Book review: Niki Savva’s Road to Ruin

Monday, 28 March 2016    



Like a dead fish, a paralysed government soon flips upside down in the water. What is important becomes trivial and what is trivial takes centre stage. Lenore Taylor nicely points out how issues that the public cares about have been side-lined in favour of an issue about which the public does not, the timing of the election.

While a double dissolution was supposed to be the means to get blocked bills passed, we now have Parliament being called back so it can block bills as a means of getting a double dissolution. The move has been hailed as a masterstroke. But it is risky because everything is being managed for internal reasons and so appears to everyone else upside down and makes no sense. It might be true that any equivocation from Turnbull on calling the date might threaten his leadership but what does it say about his leadership and the government he leads?

This is a government, and leadership, in paralysis and more fixated on managing internal pressures rather than external ones. No wonder some are comparing Turnbull’s “Continuity and Change” to Gillard’s “Moving Forward”. Both might be ways of justifying internal messes to themselves, but mean nothing to anyone else.

Niki Savva’s book shows us how we got here. Savva repeats many of the explanations that have been given for the short life of the Abbott government, but the revelations in the book show how little sense they make.

Savva’s puts most of the blame for what went wrong on internal reasons that will appear trivial to those outside Capital Hill, especially the dysfunction of the Prime Minister’s Office, and between Abbott and his Chief of Staff, Peta Credlin.

But what, say, about the Treasurer, Joe Hockey, who very quickly came under pressure as well? This is not usual. Those like Swan and Costello could last in the job for years. Given its central role, the Treasurer running into trouble is usually a sign that the whole foundation of the government is starting to fall apart, as happened with Kerin in the last months of the eight year Hawke government. But here we had the two key offices of the government falling apart in a matter of months – something that can’t be just explained by Credlin.

Much of the blame is put on That Budget, which Savva reminds us was a disaster:

The budget on 13 May [2014] bent or broke almost every promise the Coalition had made … As an equity measure, there was a deficit levy of 2 per cent on people earning $ 180,000 or more. There was a predictably ferocious reaction to the budget, including from premiers and chief ministers over the projected health and education cuts.

It not only damaged Hockey, but the rest of the government as well. Ministers, like Peter Dutton, for example, were left with “the impossible task of trying to sell the co-payment/ Medical Research Fund.”

There’s been an awful lot of re-writing of history about the Budget, not least by Savva herself. A few days after the Budget, Savva was much kinder about it in The Australian:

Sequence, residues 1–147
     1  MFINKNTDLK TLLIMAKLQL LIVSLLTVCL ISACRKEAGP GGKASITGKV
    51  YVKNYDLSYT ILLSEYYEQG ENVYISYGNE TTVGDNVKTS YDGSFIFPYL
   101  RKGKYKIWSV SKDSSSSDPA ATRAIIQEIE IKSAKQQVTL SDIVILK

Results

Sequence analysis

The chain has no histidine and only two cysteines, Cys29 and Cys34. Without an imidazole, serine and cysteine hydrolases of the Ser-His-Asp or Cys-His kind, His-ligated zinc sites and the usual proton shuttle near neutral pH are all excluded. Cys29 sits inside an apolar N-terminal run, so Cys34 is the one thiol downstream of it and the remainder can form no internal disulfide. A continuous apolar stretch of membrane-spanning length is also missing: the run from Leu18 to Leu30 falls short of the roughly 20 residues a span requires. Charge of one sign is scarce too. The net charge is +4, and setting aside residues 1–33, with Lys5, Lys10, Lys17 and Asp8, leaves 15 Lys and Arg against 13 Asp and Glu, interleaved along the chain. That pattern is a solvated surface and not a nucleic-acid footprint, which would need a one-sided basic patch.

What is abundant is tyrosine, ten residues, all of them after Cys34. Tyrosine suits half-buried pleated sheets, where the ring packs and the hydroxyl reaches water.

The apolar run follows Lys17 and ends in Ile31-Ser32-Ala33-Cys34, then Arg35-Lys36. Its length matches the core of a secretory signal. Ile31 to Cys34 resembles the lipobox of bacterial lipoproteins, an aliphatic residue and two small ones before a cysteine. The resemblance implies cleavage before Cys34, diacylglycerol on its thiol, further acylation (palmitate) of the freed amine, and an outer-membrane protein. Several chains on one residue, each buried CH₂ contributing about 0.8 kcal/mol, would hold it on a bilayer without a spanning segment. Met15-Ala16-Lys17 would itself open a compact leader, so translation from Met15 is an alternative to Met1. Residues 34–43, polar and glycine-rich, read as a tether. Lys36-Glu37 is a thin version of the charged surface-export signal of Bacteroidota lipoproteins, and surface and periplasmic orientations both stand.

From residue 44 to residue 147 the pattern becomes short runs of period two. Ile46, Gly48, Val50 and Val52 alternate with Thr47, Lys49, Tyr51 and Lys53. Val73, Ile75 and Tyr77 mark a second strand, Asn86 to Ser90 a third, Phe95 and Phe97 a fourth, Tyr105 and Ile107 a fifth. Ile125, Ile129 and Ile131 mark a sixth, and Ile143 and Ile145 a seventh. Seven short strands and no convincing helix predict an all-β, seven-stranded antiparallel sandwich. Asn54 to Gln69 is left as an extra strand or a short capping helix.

Conscious of the fragility of the economy, Joe Hockey and Mathias Cormann correctly opted for early use of a scalpel rather than a chainsaw, and have done what they could to spread the burden.

As for the co-payment/Medical Research Fund idea, which was supposed to be an “impossible task” to sell, Savva seemed to have not too much trouble selling it herself:

The fund is smart not only politically, but as an investment in an area where Australia has traditionally excelled. If we are unable to build cars the world wants to buy, we have proved repeatedly that we can develop the vaccines or treatments it needs.

If it goes ahead, linked as it is to the Medicare co-payment, the fund will sustain high-end jobs with the potential to earn billions in export dollars long after this government has gone.

Savva did acknowledge such a tough Budget might not be popular, but a few days later on Insiders seemed relaxed about that as well – noting that while the voters thought it made them worse off, she pointed to the 40% of voters thinking it good for the country as being good news for the government.

This confidence that voters would put aside their own personal pain for the good of the country was spelled out by Savva in The Australian piece:

At its core, the budget is the most concerted effort by a conservative government to change the country’s culture. The government has done what it had to do to begin the process of arresting and reversing the notion that it is possible to have the best of everything, all of it, from birth to death, at little or no cost.

Now, in Road to Ruin, far from the government having “done what it had to do” to change the culture with the Budget, we find instead:

everything about the first budget was simply bad: there was no consistent, coherent explanation of the problem before the budget.

What was supposed to provide that coherent explanation was the Commission of Audit released a couple of weeks before, which advocated the biggest overhaul of the welfare system for 70 years. It was supported by those like Gerard Henderson as “good for the conversation”. This was part of the softening process that was supposed to be part of the government’s first Budget, such as Savva pointed out for that of her former boss Costello in 1996.